S.F. Eisenman, The Temptation of Saint Redon: Biography, Ideology and Style in the Noirs of Odilon Redon. Chicago, 1992.

*D. Druick et al., Odilon Redon: 1840-1916. Chicago, Art Institute, 1994.


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*B. Larson, The Dark Side of Nature. Science, Society and the Fantastic in the Work of Odilon Redon. Pennsylvania, 2005.


Van Gogh: style, exaggeration and energy:
J. Hulsker, The Complete van Gogh: Paintings, Drawings, Sketches. New York, 1980.

*Exh. cat. Vincent van Gogh. 2 vols., Amsterdam, Rijksmuseum Vincent van Gogh/Otterlo, Rijksmuseum
Kröller-Müller, 1990.
Vincent van Gogh: The Complete Letters. 3 vols., London, 1958.

*R. Pickvance, Van Gogh in Arles. New York, Metropolitan Museum, 1984.
*R. Pickvance, Van Gogh in St. Rémy and Auvers. New York, Metropolitan Museum, 1987.
Exh. cat. Van Gogh: Face to Face. Detroit/Philadelphia/Boston, 1999.

*D. Druick/P. Zegers, Van Gogh/Gauguin. The Studio of the South. Chicago, Art Institute, 2001-2.
Exh. cat. Vincent’s Choice. Van Gogh’s Musée Imaginaire. Amsterdam, Van Gogh Museum, 2003.


Denis: the Catholic and the primitive:
J. McManners, Church and State in France, 1870-1914. London, 1972.

*R. Harris, Lourdes. Body and Spirit in the Secular Age. London, 1999.
*J.-P. Bouillon, Maurice Denis. Geneva, 1993.
Exh. cat. Maurice Denis: La Légende de Saint Hubert, 1896-7. Paris, 1999.
M. Marlais, ‘Conservative Style/Conservative Politics: Maurice Denis at Le Vesinet’. Art History, March 1993, pp. 125-46.



Day Three: Adapting Naturalism
Did naturalism evolve by absorbing other idioms? Can it be argued that in the 1890s
naturalism proved its dominance due to the failure of ‘style’ and the return to the descriptive?


Toulouse-Lautrec: caricature and decadence:
*C. Rearick, Pleasures of the Belle Epoque. Entertainment and Festivity in Turn of the Century France. New Haven, 1986.
P.D. Cate/M. Shaw (eds.), The Spirit of Montmartre: Cabarets, Humour and the Avant-Garde, 1875-1905. Rutgers
University, Zimmerli Art Museum, 1996.
V. Schwartz, Spectacular Realities. Early Mass Culture in Fin-de-Siècle Paris. Berkeley, 1998.
G.P. Weisberg (ed.), Montmartre and the Making of Mass Culture. Rutgers, 2001.
M.-G. Dortu, Toulouse-Lautrec et son oeuvre. 6 vols., New York, 1971.
W. Wittrock, Toulouse-Lautrec. The Complete Prints. 2 vols., London, 1985.
G. Murray, Toulouse-Lautrec: The Formative Years, 1878-1891. Oxford, 1991.
*Exh. cat. Toulouse-Lautrec. London, Hayward Gallery/Paris, Grand Palais, 1991-2.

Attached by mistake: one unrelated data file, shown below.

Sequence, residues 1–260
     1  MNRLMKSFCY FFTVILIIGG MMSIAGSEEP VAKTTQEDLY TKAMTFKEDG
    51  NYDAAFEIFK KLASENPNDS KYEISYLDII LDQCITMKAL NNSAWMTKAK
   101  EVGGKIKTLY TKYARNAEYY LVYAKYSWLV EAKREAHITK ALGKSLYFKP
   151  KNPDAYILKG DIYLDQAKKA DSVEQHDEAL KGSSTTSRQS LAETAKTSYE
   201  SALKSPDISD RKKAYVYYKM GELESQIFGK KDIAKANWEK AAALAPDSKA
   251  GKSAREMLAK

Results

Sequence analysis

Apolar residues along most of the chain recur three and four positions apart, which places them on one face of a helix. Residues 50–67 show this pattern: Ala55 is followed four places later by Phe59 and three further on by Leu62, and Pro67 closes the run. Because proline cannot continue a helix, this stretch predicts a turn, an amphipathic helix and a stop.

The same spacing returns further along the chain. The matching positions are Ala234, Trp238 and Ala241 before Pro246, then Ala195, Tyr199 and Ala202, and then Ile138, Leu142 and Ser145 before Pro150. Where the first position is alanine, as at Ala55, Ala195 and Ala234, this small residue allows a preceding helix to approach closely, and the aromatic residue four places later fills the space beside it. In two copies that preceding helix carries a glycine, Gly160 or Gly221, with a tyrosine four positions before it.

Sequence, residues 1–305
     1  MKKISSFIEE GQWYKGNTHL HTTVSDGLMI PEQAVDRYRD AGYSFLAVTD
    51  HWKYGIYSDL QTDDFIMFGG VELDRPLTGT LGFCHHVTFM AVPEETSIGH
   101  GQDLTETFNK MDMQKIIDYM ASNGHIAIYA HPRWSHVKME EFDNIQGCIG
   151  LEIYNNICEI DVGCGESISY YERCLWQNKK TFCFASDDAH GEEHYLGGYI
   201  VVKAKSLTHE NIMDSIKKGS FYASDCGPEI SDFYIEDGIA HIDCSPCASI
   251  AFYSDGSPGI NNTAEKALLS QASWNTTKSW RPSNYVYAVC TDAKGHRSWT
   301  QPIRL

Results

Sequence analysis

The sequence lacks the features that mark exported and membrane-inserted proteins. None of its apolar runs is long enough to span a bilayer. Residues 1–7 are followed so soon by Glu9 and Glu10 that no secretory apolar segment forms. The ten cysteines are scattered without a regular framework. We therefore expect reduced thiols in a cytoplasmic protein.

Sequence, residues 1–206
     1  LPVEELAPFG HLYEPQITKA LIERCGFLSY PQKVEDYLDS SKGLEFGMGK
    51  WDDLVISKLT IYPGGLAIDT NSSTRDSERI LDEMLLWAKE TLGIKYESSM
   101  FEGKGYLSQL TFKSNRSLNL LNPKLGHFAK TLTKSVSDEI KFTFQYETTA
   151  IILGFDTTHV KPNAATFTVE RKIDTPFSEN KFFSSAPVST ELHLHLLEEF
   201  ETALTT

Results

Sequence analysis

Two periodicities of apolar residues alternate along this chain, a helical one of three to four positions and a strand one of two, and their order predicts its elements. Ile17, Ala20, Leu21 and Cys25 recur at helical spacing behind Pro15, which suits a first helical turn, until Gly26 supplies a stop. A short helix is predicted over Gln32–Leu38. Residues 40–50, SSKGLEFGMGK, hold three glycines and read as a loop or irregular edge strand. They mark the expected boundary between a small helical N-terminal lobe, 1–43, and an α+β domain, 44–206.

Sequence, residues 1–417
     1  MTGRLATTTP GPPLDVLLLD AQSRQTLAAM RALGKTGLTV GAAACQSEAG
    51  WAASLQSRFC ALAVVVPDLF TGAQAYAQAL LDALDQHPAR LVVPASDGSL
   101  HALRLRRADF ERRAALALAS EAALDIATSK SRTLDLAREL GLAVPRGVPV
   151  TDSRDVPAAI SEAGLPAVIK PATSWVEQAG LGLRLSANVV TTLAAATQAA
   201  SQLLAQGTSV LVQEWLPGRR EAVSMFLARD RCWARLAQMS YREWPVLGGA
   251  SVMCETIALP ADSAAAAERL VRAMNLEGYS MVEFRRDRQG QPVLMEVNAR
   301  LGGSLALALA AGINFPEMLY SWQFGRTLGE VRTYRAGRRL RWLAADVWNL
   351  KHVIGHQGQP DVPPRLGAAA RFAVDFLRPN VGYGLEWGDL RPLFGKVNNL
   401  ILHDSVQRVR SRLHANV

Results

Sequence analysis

J. Frey, Toulouse-Lautrec. a Life. London, 1994.
*R. Thomson/P.D. Cate/M. Chapin, Toulouse-Lautrec and Montmartre. Washington, National Gallery of Art, 2005.


Vallotton – anarchism and irony:
*M. Ducrey, Félix Vallotton. L’Oeuvre peint, 3 vols., Lausanne/Milan, 2005.


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M. Vallotton/C. Goerg, Félix Vallotton: Catalogue raisonné de l'oeuvre gravé et lithographié. Geneva, 1972.
M. Ducrey, Félix Vallotton. Lausanne, 1989.

*Exh. cat. Félix Vallotton. New Haven, Yale University Art Gallery, 1991.


Vuillard: family, friendship and the failure of nerve – Bonnard: the domestic, the ludic, the
erotic:
*C. Frèches/A. Terrasse, The Nabis. Bonnard, Vuillard and their Circle. London, 1990.
P. Boyer, The Nabis and the Parisian Avant-Garde. New Brunswick/London, 1988.
P. Boyer, Artists and the Avant-Garde Theatre in Paris, 1887-1900. Washington, National Gallery, 1998.
Exh. cat. Nabis, 1888-1900. Paris, Grand Palais, 1993-4.
Exh. cat. The Time of the Nabis. Montreal, Museum of Fine Arts, 1998.

*G. Groom, Beyond the Easel. Decorative Painting by Bonnard, Vuillard, Denis and Roussel, 1890-1930. New Haven,
2001.
P.D. Cate/G. Murray/R. Thomson, Prints Abound. Paris in the 1890s. Washington, National Gallery of Art, 2000-1.
S. Newman, Bonnard. Washington, Phillips Collection, 1984.

*Exh. cat. Pierre Bonnard: The Graphic Art. New York, Metropolitan Museum, 1989.
N. Watkins, Bonnard. London, 1994.
A. Salomon/G. Cogeval, Vuillard. Critical Catalogue of Paintings and Pastels. 3 vols., Milan, 2003.

*G. Cogeval/K. Jones et al., Vuillard. Washington, National Gallery, 2003.
*B. Thomson, Vuillard. Oxford, 1988.
E. Easton, The Intimate Interiors of Edouard Vuillard. London, 1989.
G. Groom, Edouard Vuillard, Painter-Decorator: Patrons and Projects, 1892-1912. London, 1993.
S. Sidlauskas, Body, Place and Self in Nineteenth0-Century Painting. Cambridge, 2000.


Conclusion:
To what extent can shifts in representation during the period 1885-1900 be related to
ideological and establishment pressures? Was naturalism as dominant in 1900 as it had been
in 1885?